bladen_coleRiding with Bladen Cole in this, the first book of my new series, takes me back to the mountains and high plains of Montana where I rode when I was a boy. For this bounty hunter, the year is 1879, and for me, it was somewhat more recent, but we both rode under the Big Sky in that time of year when the leaves on the cottonwoods have turned golden and are beginning to fall. Each year, as the sun begins to spend its whole day close to the horizon, and the first few flakes of snow become the promise of winter fulfilled, there comes that time of quiet loneliness as you ride on limitless plains under that limitless sky.

For me, as it is for Bladen Cole, the openness of the country becomes a vehicle for pondering. Whether your vehicle is a saddlehorse – such as Cole’s trusty unnamed roan – or one with a motor – and a heater – the lonely infinity allows plenty of space for pondering and for figuring out.

For this bounty hunter, the pondering time is filled with figuring out that the only way justice can really be done is for the outlaws he is chasing to be brought back alive to point their fingers at the man who hired them — and him.  For a modern man, this author, the pondering time might mean the figuring out of how a character fits into that landscape. The object of the author’s contemplation merges with that of his characters.

The relationship between an author and his characters is a close, though for me it is not so much a situation where the author becomes the character, but one in which the characters become houseguests in my mind. I suppose that it is different for all authors, but for me, I find myself not so much writing the dialogue, but taking dictation from these people who are temporary boarders in my head. They tell me what it is that they want, and need, to say.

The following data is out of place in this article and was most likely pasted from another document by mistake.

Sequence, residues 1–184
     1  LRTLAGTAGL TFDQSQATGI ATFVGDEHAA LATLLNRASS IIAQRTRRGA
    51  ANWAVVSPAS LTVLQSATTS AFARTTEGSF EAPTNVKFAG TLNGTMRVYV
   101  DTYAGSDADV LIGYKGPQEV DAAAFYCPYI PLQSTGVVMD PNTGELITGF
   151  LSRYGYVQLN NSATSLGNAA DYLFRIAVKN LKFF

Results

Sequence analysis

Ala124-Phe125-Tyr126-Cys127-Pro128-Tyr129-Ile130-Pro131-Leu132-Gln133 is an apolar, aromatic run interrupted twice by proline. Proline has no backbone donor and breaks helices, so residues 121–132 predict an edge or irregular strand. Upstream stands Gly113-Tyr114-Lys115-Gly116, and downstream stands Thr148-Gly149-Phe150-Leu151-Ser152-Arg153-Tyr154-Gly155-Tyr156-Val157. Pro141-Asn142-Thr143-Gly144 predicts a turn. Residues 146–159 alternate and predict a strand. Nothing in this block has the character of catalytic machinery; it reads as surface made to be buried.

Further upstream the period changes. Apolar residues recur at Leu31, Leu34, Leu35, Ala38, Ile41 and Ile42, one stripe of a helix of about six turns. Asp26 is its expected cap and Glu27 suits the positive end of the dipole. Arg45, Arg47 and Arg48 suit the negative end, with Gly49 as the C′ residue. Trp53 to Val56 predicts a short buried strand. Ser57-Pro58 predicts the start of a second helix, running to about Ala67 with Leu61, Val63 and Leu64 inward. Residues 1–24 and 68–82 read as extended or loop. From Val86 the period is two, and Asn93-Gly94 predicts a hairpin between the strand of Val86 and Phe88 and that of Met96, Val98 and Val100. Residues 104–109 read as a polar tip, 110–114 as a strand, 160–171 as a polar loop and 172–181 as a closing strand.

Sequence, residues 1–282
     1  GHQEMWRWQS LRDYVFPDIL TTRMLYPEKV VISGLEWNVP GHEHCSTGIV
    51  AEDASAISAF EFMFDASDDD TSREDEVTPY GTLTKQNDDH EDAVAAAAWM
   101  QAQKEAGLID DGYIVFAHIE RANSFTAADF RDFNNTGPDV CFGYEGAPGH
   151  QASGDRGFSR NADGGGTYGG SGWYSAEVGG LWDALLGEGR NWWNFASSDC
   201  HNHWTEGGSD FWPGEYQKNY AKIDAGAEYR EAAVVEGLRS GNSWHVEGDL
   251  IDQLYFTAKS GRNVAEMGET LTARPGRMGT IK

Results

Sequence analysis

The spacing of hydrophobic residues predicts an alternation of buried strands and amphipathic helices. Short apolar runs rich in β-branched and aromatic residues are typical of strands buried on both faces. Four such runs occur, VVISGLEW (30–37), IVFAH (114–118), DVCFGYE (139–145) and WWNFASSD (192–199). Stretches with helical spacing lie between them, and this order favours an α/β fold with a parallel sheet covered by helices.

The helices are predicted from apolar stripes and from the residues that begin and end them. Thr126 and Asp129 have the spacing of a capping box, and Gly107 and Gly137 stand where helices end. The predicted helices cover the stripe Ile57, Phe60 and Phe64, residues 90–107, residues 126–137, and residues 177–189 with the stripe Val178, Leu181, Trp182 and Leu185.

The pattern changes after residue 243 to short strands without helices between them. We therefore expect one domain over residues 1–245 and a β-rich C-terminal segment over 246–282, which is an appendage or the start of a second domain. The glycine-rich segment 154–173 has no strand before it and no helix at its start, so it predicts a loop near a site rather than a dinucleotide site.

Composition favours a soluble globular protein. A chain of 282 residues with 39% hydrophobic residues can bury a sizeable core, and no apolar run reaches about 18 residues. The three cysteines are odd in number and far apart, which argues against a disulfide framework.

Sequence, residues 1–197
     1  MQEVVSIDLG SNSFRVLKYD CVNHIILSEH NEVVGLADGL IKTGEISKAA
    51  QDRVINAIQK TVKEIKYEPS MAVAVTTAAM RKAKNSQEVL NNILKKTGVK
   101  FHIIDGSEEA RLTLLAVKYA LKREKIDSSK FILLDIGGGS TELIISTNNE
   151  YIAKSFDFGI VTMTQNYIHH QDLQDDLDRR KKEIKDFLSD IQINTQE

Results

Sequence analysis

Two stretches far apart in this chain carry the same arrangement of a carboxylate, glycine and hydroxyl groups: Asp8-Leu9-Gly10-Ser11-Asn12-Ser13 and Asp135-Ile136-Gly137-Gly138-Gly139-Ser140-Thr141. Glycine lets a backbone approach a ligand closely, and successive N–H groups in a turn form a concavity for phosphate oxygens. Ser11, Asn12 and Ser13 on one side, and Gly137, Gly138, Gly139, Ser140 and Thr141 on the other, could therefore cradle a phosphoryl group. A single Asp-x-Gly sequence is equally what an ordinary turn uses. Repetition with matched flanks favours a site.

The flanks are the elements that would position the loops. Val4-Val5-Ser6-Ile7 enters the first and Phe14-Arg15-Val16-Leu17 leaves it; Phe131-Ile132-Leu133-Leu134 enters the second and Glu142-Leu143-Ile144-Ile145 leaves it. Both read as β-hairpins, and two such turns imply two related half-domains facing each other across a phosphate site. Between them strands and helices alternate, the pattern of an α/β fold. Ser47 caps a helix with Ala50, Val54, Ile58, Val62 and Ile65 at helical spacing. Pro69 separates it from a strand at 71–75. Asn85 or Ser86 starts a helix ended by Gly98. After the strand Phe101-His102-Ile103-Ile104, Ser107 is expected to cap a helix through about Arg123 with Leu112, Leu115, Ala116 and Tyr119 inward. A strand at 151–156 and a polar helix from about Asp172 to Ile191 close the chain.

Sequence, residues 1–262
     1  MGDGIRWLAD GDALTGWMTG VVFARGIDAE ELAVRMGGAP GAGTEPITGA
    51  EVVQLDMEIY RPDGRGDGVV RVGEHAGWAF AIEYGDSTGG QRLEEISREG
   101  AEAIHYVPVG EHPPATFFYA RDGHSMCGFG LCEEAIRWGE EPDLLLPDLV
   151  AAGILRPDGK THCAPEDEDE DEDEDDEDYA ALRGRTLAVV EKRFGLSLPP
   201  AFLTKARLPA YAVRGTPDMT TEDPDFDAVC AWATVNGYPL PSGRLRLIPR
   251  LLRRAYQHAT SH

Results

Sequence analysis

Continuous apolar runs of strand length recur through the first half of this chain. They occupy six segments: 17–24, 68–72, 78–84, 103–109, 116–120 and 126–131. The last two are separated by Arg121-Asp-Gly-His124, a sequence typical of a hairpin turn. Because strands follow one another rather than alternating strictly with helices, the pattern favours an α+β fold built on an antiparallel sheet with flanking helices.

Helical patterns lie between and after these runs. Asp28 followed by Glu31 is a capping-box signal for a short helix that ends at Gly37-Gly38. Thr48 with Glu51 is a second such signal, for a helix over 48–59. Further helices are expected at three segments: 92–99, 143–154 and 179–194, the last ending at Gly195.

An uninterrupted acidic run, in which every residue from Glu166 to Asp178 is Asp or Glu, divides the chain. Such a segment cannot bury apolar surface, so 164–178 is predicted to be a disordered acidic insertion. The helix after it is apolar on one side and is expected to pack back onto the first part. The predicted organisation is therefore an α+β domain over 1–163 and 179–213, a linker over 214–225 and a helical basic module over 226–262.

So, as this author does his pondering within a cocoon of loneliness, I am gradually surrounded by a small crowd people. Generally ignoring me, other than to be certain that I am hearing what they say, they communicate, argue, compromise, and conspire against one another.

Yet it is the landscape, either real or made real with words — and regardless of the color, or even the presence, of the leaves on the cottonwoods — that facilitates the dialogue and drives the action which inspires, perplexes and carries the people who live within it to their fates.


7 Comments

  1. Anna Bolos
    Posted April 3, 2013 at 12:19 pm | Permalink

    It was a great book! Loved the strong female characters and the twist and turns in the plot. Cant wait for part 2!

  2. Bill Yenne
    Posted July 8, 2013 at 2:20 pm | Permalink

    Spring has come to the high country of Montana. Yes, I know that this is an odd – nay, jarring – statement to be making in the upslope of July, but Logan Pass on the Going-to-the-Sun Road through the Rockies only just opened a week or so ago. The snow has largely been erased from the ground that Bladen rode back in 1879, but not entirely.
    So many cycles of years have passed since he passed through.

    If I hadn’t been on the road myself – not on a roan as Bladen Cole was in that winter long ago, but in a more modern conveyance – I would have made note of the pass opening when it happened.

    Thanks to you Anna Bolos for your comments about Bladen’s story. I am glad that you liked my painting of the portraits of the two female leads. A lot of women have said that. I suppose it is probably true that they shine more brightly by comparison to the diabolical nature of the male villains. Is there anything good that can be said about “good-for-nothing” Jimmy Goode?